In one whirlwind year, the direction of my life changed completely. I told a therapist who I really was, I moved to a new university, in a new city, and gained new friends. I’d found a new therapist who worked amazingly with me, and with her help I got my hands on my first pills. I visited my family in my childhood home one last time (Dubai is not a safe place for the transgender), said goodbye in my head, and flew home.

Then I took my first pill and never looked back.

The rest of this story is one that’s probably a lot more familiar. I came out to my family, and over the years I transitioned. This was a saga unto itself, full of infinite memorable moments, but I don’t have to. You’ve probably heard this part before, or may have even seen it yourself.

Some families disown their child. Some families embrace them. Mine was a happy ending, though I had to earn that happiness - my parents took a long year of loud, loud convincing. But convince them I did. They flew to Canada, met my doctors, and when the reality of what had to be done sunk in, they jumped to work and helped in every way they could. They helped sell the new me to the rest of my family, the mother who used to beat me bought me sarees and earrings (she even helped me get in contact with Surbhee <3), and now I’m Ashley.

I’ve been Ashley for a while now, actually - 8 years. Practically a quarter of my life. And I’m so, so very happy. In 2014, I started smiling again. And I’m still smiling.

So.

From the perspective of a parent: what’s the big picture? Let’s recap.

Being transgender is a lifelong process. It’s not really something someone stumbles into - it can look very sudden from the outside, but it takes a looot of time and sleepless nights and grinding self examination to face the truth. You can’t rush it. No-one can trick your child into it. Nobody wants to be trans - it’s not trendy, it’s not fun, nobody wants to roll the dice on whether their family will ever love them again.

Noticing the signs can honestly be very hard. Human beings are complicated - there’s so much to each and every one of us that we’re simply not defined by just one story. Can you really tell if your child is depressed because of gender dysphoria, or a death in the family, or one of any other countless reasons? Probably not.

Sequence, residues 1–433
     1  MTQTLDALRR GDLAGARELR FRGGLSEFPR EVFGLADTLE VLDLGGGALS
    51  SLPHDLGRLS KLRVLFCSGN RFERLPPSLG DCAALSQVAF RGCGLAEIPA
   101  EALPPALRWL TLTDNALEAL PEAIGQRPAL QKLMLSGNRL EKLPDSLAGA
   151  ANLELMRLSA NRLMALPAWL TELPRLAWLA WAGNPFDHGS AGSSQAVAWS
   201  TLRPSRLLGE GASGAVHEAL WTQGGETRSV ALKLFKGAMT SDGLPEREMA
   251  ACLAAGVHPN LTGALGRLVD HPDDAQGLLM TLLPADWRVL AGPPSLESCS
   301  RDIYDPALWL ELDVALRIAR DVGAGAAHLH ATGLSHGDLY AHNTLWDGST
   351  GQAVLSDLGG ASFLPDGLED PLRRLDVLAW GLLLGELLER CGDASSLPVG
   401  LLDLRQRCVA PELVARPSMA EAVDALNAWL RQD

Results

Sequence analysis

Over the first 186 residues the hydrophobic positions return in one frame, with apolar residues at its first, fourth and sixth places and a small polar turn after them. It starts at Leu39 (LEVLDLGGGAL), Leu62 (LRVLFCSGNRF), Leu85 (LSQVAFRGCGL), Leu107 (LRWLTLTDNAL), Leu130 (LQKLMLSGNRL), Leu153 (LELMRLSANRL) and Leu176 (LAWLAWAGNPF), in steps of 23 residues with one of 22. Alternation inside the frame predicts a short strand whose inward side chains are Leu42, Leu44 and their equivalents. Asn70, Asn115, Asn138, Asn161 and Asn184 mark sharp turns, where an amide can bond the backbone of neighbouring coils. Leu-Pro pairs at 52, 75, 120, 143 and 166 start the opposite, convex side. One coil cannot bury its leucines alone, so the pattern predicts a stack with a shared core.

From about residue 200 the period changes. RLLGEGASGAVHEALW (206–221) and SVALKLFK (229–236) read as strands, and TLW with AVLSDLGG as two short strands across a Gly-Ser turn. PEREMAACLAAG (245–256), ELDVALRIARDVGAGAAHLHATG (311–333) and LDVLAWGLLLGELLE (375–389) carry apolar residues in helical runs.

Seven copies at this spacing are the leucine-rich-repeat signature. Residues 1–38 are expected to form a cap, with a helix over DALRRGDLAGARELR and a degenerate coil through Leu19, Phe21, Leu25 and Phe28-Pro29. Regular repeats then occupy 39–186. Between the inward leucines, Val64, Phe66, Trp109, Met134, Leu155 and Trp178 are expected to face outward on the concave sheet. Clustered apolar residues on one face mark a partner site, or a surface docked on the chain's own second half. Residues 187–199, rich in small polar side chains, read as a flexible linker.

So what do you do? Well. That one’s easy: you create a supportive environment.

I spent a lot of time hiding. Hiding from myself, hiding from all my physical friends and counsellors, hiding as long as I possibly could from my family. You probably won’t be able to tell if your child is gay or trans or any number of other countless queer identites before they will - but what you can do is create an environment where they won’t have to fear you, and fear themselves, and spend large chunks of their life stewing in their own misery. It’ll help them figure out who they are faster, and help them tell you sooner.

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In some ways, being transgender isn’t that different from the many lifelong arcs of self discovery and self acceptance that everyone else goes through every day. It’s just more extreme, more painful, and more unpredictable. The stakes are higher, but they don’t have to be. The destination is more dramatic, but it’s a drama that grows more normal every day.

Beauty's something we do for ourselves. It's about being able to look in the mirror and see someone who looks right back. It’s about being comfortable in your own skin, laughing at your own jokes, and singing when no-one can hear you.

I found my own beauty. For anyone still searching - I hope you find yours too.